It’s time for Jackson Bantle and Hagen Smith to get out of California.
The two volleyball seniors have always called Southern California home and have attended school together in Los Angeles for 17 years.
“I would say it’s very similar to having brothers on the court at the same time,” said Loyola High School volleyball coach Michael Boehle. “They know one another like the back of their hand, and that was something special that they both brought to their team.”
Bantle and Smith both hail from Pacific Palisades, California, attended Loyola High School and are now at UCLA. They both plan on going overseas after graduation. First, though, they’ll enjoy each other’s company and Southern California’s beaches just a bit longer.
The two grew up playing volleyball together and attending a beach volleyball camp run by Smith’s father, Sinjin Smith, and his longtime volleyball partner, Randy Stoklos.
“(Bantle’s and my) style of play is very similar because we both grew up learning volleyball at the exact same time in the same place,” Hagen Smith said. “So knowing what I can do, I trust that he can do too, or more.”
At 6-foot-1 each, Bantle and Smith are considered smaller players, and are accustomed to filling a more defensive role in beach volleyball, playing alongside taller partners who have larger presences at the net. Because of their similarity, Bantle and Smith have rarely competed as a duo.
“Even when we got to college, we didn’t play (beach volleyball) with each other until the end of junior year,” Bantle said. “We both had people to play with – we’re both the ‘littles,’ the defenders. So we’ve always been looking for a bigger partner.”
Smith finished his final season ranked No. 6 all-time on the school digs list and No. 4 on the school career set assists list. The veteran setter/opposite played in every match except two, splitting time with sophomore Micah Ma’a to run the Bruin offense.
Bantle was the only member of the team who played in every single match this past season, filling roles as a libero, outside hitter and serving specialist. However, he said he did not originally expect to play such a major role.
“I kind of came in with the mindset that I’m just going to try to get better and probably not play very much,” Bantle said. “Then (coach John) Speraw decided to cut two of the people ahead of me. So all of a sudden, you have an opportunity and it’s like, ‘How are you going to make the most of that?'”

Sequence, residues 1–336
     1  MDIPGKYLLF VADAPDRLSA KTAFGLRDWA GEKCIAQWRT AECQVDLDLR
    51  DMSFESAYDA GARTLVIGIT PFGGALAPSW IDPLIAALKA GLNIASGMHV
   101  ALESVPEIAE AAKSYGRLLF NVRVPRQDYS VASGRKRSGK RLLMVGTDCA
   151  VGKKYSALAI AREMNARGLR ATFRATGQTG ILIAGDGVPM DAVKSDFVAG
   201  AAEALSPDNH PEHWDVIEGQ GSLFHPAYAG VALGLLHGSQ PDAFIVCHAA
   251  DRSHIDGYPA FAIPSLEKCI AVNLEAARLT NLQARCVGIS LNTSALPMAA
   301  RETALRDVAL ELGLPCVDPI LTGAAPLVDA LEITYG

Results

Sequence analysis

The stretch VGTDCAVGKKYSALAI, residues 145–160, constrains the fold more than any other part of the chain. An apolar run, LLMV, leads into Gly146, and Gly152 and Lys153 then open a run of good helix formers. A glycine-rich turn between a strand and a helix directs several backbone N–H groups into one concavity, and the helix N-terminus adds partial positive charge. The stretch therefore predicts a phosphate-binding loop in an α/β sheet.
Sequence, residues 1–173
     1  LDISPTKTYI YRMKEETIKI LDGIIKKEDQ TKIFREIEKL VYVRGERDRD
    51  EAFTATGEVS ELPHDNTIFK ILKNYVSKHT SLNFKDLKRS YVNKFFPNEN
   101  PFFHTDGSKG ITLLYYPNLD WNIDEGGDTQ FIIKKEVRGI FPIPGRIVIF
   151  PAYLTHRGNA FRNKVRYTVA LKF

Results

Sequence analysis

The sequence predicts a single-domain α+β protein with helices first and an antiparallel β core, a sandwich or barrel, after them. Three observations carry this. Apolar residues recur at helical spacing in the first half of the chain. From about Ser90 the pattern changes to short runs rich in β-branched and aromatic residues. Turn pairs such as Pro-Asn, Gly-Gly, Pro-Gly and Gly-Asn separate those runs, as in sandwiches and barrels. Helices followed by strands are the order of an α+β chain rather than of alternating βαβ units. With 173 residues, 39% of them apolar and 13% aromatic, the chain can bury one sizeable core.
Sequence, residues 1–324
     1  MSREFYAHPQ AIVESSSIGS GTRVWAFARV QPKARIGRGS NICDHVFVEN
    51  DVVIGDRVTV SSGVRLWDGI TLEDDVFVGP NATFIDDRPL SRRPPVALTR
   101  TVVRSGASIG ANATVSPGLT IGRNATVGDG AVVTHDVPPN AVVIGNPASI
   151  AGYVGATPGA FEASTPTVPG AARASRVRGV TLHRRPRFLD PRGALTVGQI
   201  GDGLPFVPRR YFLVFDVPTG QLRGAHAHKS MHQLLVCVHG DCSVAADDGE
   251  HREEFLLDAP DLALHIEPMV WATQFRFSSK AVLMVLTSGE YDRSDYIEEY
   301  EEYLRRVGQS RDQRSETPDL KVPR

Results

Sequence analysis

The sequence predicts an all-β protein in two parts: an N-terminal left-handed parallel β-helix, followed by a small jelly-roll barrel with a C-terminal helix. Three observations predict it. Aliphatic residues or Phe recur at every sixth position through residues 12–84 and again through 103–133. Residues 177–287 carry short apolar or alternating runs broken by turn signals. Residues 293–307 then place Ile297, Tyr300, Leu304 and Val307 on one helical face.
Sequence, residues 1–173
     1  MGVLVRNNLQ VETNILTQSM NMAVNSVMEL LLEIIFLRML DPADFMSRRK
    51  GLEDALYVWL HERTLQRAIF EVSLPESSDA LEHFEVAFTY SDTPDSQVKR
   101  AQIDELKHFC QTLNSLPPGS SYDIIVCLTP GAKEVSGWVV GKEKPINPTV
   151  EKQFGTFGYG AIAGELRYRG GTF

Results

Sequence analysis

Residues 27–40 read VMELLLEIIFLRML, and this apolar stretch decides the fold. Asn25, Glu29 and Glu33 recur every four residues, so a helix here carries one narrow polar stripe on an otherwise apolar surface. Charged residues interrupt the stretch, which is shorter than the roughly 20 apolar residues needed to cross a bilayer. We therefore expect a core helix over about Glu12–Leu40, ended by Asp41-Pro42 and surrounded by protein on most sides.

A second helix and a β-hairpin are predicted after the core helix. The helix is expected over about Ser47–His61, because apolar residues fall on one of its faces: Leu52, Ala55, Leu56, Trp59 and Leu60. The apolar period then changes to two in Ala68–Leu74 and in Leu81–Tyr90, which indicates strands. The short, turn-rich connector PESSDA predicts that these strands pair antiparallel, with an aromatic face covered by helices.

The libero notched over 100 digs this season for the third time in his career, and said his connection to Smith helped even in indoor volleyball, despite having more players on the court.
“There’s a different dynamic with indoor, like a big team dynamic, but (Smith and I) don’t have to worry about what (the other is) doing,” Bantle said. ”It’s always been like, ‘Okay, you good? Good. Alright, what’s everybody else’s issue?’”
After the two wrapped up their final indoor season, it was back to the beach.
There are stark differences between the beach and the court. Reaching a high level of play in men’s beach volleyball comes with significant challenges for Americans like Smith and Bantle.
Smith said European countries often start their beach athletes young so they can train their entire lives, so many top-level teams are made up of players in their early 20s.
There are virtually no men’s beach volleyball clubs in the United States, Smith said, so athletes have struggled to find the opportunities offered in other parts of the world.
“Comparing collegiate men’s indoor and beach in the United States – it’s ridiculous,” Smith said. “Since college, what we’ve been doing is through the (USA Volleyball Beach High Performance Program). That’s basically the only spot where we can get coaching.”
At a televised tournament in which Bantle and Smith competed in May, the women’s matches ran long and the men were only allotted a short blurb at the end. Still, the two finished second at the tournament, the inaugural USA Volleyball Collegiate Beach Championships.
Despite their love for the sand, Smith and Bantle are focusing on professional opportunities away from the beach. Both seniors hope to continue their indoor volleyball careers and play overseas after they graduate.
Smith said he would like to play in France, Spain or Portugal because all three are good for surfing.
“I’m looking to find the best opportunity I can – a good pay would be nice, but I’m looking for the experience,” Smith said.
Bantle hopes to attend a program at the University of East London, in which international volleyball players can simultaneously play for the school and local club teams while completing their master’s degrees. He said he is considering a degree in business administration.
“The upside of it is that I can get my master’s, because, you know, you’re never going to play volleyball forever,” he said.
Bantle said players of his position and height often find it hard to play at the highest level because liberos have a limited amount of opportunities.
“As an undersized person, I don’t know necessarily where they’d want me,” Bantle said. “But if anything, I’d get on a team and work my way up. That’s the mentality we’ve always had – we’ve never been the biggest, most physical people, but we work harder than everybody else.”
For the first time, Smith and Bantle are going to call somewhere other than Los Angeles home. It’s time to see where the game will take them next.